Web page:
When the sun splits open
the gaps between trees
and the sun slices into the scene
that she let them burn her hair.
The light opens up the morning.
A plait lain out on the end of the bed
like a rope
several metres long it hung there
tied with a yellow bow.
It belongs to no one now
lopped off at the nape of the neck.
The door is closed.
Arms raised to hug the sun
eyes like sods
hatchet arms creak and clank
sleeping under sunless light
another sun gone
reaching obedient: she dreams.
From among the ashes
from what had not burnt
gathered to a mass
of brown turf gathered
– a cloud in her arms –
to the river
to spread in the warp of water.
The light smooth and silting.
The forest behind –
too much too much
dark cannot exist?
The sun swings to the right.
She went left
to the river
old dirt track
stepping over grass
hair taken down to depth.
In the forest they look for her.
she walks along the path by the river
her hair in her hands
what had been taken
to the river
to the water
the smooth strand that curves its path
over the head of the hill.
Something has passed.
Behind in the forest
in half dark heaving afternoon
they claw at earth
scratch around for a trace
in the woods
search through evidence
make lists of explanations
make lists of reasons
for her absence.
The sun guides steps,
imprint on soil.
It wasn’t about who was listening.
If anyone was listening
– to the song not the words –
speaking would mean silence
– dead ears dead ears –
the pull and placing
in a line brimmed to full
was almost love and almost listening.
Quiet response to quiet sound.
A song heard in the forest days later
made a young boy cry.
Wrapped round trees
stayed, not moving,
a stopping place.
We could meet
in the woods by the river
stand eye to eye
in the stopping place
words curdling our bones
a single drum beat, one long groan.
While she walks
a path behind her concertinas
each stride a fragile weight
pushes up the earth,
turf over grass over turf.
it is now to be stone now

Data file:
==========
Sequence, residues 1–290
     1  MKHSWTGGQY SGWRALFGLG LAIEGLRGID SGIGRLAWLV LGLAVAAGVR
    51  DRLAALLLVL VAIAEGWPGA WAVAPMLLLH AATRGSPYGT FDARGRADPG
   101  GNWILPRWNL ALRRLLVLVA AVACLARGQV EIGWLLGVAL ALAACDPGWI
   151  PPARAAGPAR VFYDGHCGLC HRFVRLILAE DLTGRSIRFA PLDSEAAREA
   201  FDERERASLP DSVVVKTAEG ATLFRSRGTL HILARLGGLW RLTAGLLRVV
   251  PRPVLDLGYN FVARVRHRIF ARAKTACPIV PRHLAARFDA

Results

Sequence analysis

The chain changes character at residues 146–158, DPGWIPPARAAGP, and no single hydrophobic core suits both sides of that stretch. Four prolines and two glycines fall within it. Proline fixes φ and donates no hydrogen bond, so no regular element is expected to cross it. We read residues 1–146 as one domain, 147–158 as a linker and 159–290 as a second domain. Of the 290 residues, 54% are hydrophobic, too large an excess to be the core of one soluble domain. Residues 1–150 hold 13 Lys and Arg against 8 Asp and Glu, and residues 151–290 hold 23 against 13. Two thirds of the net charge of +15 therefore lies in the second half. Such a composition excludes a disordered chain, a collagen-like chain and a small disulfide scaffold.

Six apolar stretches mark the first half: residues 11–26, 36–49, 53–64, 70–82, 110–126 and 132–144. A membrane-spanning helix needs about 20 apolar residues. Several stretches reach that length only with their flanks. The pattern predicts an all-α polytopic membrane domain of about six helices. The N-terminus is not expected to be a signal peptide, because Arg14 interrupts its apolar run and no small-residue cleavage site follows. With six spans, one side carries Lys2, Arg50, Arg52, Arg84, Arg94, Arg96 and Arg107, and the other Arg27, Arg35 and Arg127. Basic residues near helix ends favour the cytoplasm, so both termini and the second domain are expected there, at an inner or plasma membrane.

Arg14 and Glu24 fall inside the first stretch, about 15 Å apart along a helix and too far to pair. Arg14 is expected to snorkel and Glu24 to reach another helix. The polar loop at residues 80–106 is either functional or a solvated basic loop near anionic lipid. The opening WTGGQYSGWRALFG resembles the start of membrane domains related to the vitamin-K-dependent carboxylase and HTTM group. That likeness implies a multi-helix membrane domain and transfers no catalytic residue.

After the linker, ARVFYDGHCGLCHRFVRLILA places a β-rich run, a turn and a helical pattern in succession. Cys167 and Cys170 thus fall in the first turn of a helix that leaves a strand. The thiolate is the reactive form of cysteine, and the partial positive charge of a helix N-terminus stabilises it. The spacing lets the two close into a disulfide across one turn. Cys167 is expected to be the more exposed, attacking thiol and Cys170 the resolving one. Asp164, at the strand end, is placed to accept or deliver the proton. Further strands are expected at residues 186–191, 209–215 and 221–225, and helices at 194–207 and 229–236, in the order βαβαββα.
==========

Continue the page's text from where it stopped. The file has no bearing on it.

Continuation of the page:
to know how to finish.
Eliza and the Bear, Eleanor’s forthcoming collection from Salt in October 2009, explores wildness and what it means to inhabit a body, what it means to be an animal with a sense of self. The poems circle the tensions between a domestic, communal experience of selfhood and the individual wild feminine of the “I” of the title poem. They explore love, longing and esire with unabashed imagination.
“I am a wind-swayed bridge, a crossroads inhabited by whirlwinds … You say my name is ambivalence? Think of me as Shiva, a many-armed and legged body with one foot on brown soil, one on white, one in straight society, one in the gay world, the man’s world, the women’s, one limb in the literary world, another in the working class, the socialist, and the occult worlds. A sort of spider woman hanging by one thin strand of web.
Who, me confused? Ambivalent? Not so. Only your labels split me.”
My Granny used to soak the spuds too
making it easy to peel them later.
Part of morning’s ritual was topping
their pot with water. Later, after
fowl were fed and tae and bread were ate,
she’d peel them slowly, humming all the while
a medley of Moore’s Almanac songs.
Steeping my potatoes now, as she did,
brings her Four Green Fields down the years to me.
Scaly and red, these Roosters, instead of
her soft Queens; mine tattle of modern machinery,
long scars that I smooth away with a stainless
peeler. I split them with a long broad knife,
rinse them down and leave them by for dinner.